Heinrich trembled as the vile Marduk glided closer.

‘Do not fail to administer the herbal preparation to Paul each day. Ensure it is mixed in with his food.’

Heinrich managed to glimpse only momentarily into Marduk’s hypnotic eyes. Eyes that changed color and energy in accordance with the emphasis being transmitted.

He answered with meekness and reverence. ‘It has of course been arranged as you have directed. May I ask what effect is the potion expected to have on Paul?

Marduk sneered. ‘His mind will become more submissive and less discriminating. He will have trouble gauging the physical reality from the etheric and astral planes. And he will be more inclined to do our bidding!’ He paused and his enslaving eyes winced with perfidious exultation before continuing. ‘It will of course send him quite mad. We will then lock him away for ever, while his ‘twin’ takes his place on the world stage!’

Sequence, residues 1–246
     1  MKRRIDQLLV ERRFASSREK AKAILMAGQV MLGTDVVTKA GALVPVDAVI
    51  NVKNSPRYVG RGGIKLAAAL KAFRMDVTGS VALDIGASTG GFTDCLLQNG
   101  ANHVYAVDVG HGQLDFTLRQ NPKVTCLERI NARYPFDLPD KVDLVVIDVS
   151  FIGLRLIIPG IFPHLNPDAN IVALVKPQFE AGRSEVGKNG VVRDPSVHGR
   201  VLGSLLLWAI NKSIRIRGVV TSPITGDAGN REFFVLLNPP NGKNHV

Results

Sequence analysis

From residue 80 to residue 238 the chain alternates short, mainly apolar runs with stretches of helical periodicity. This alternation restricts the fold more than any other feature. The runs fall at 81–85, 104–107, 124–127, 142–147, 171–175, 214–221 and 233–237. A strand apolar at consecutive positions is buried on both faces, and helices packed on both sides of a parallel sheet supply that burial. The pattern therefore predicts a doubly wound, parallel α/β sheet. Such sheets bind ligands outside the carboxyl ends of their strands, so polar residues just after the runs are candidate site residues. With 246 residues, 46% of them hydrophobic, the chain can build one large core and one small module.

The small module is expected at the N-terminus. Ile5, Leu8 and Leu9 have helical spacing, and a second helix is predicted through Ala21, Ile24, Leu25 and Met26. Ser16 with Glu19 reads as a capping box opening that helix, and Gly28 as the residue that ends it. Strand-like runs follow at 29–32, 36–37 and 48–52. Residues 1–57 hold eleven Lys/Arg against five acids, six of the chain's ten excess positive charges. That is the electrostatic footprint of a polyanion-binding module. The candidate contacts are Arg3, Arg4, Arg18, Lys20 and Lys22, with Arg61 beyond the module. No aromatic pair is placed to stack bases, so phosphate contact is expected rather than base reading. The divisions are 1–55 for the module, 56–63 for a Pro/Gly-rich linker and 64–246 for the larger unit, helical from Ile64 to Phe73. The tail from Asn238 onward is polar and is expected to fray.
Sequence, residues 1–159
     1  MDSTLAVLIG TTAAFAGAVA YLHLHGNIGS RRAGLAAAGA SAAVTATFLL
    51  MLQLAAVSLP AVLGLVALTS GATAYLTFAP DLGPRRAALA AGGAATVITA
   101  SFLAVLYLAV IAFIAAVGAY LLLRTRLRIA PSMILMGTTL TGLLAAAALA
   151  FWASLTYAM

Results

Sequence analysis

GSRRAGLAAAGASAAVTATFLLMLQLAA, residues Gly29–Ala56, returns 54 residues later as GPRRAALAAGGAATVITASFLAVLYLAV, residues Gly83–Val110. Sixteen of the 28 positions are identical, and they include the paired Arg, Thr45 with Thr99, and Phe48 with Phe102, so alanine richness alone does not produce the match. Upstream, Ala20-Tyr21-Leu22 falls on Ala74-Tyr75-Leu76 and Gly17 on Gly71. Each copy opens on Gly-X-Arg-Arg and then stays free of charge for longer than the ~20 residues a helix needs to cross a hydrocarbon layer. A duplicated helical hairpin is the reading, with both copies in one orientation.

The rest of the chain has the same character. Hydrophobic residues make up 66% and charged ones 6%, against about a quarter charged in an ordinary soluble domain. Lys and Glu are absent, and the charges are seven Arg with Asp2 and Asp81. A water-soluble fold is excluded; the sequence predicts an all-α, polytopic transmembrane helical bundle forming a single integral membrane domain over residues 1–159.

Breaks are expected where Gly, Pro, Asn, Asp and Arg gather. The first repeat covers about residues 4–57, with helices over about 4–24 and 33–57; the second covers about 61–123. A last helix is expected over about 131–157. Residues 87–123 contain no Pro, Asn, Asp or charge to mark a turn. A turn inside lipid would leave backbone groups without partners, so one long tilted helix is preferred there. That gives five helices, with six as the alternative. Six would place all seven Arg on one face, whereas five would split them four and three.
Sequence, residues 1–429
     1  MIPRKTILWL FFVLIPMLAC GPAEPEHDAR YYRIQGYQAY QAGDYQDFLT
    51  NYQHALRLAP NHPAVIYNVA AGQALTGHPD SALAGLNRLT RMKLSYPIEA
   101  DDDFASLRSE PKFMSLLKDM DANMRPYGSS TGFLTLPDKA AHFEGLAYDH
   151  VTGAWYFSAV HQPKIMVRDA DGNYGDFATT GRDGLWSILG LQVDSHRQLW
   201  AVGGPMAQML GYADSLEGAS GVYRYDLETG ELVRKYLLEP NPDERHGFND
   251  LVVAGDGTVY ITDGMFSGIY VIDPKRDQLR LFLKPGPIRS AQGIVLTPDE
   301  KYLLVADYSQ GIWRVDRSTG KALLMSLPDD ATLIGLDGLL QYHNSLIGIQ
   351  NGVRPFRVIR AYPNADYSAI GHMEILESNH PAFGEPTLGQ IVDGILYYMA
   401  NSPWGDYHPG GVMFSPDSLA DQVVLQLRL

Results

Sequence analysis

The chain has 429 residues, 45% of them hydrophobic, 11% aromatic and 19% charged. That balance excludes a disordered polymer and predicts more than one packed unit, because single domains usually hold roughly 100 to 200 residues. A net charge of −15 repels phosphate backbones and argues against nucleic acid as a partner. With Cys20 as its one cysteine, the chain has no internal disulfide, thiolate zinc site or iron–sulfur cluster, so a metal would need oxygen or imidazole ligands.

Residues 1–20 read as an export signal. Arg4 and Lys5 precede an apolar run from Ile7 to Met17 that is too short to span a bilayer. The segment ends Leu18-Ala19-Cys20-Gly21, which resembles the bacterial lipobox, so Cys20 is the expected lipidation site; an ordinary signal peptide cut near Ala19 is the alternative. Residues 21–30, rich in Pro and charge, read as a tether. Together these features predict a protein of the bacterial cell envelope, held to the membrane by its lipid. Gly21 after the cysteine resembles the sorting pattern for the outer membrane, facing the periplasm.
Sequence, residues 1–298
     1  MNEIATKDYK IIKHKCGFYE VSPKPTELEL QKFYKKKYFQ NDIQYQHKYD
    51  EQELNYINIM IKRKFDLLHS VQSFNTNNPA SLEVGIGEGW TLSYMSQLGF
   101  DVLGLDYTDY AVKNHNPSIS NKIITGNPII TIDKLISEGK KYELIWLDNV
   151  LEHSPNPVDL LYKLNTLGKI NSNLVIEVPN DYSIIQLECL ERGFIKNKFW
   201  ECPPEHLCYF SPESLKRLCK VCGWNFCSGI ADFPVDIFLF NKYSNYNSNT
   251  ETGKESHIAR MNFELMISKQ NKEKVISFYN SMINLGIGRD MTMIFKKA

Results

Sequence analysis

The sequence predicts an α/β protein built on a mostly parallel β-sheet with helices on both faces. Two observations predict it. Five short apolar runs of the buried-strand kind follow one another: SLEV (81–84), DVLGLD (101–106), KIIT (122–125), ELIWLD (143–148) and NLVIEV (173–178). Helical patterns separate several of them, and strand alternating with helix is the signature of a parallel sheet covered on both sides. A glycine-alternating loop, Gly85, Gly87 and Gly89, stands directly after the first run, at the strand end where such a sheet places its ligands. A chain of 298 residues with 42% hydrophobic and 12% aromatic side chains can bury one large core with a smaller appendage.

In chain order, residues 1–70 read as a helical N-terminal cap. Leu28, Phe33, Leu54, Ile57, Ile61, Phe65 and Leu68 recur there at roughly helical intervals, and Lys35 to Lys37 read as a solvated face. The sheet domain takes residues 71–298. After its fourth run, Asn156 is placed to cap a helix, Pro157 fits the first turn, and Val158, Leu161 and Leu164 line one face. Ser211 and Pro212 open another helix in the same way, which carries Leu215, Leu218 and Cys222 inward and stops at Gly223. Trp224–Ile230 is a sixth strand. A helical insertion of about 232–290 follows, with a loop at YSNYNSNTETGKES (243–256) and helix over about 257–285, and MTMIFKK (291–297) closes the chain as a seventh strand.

Heinrich showed no sign of regret at the necromancer’s words. Paul was only ever a means to an end. Paul wasn’t his son. He’d secretly despised Paul from the moment of adoption. To Heinrich, Paul’s existence had killed his marriage and left him without an heir. Marduk had promised he would soon have a son and heir of his own.

That is, once Paul was out of the way.

‘Will Paul ever get to meet you Marduk?’

‘Paul has already met me. But knew it not,’ came the anomalous reply. Marduk then mumbled under his breath and seethed, ‘He will remain under my influence in a variety of ways.’

Heinrich sat frozen still.

‘And you have assured me that this Rebecca Childs is no longer a distraction?’

‘Yes Marduk. By now the Childs woman has either been taken into custody by Hans Van der Hyde or is dead.’

‘Ah, good. Hans has been one of my most faithful devotees for lifetimes.’ Marduk hissed rather than smiled. Heinrich as always accepted, without understanding, Marduk’s cryptic way of speaking.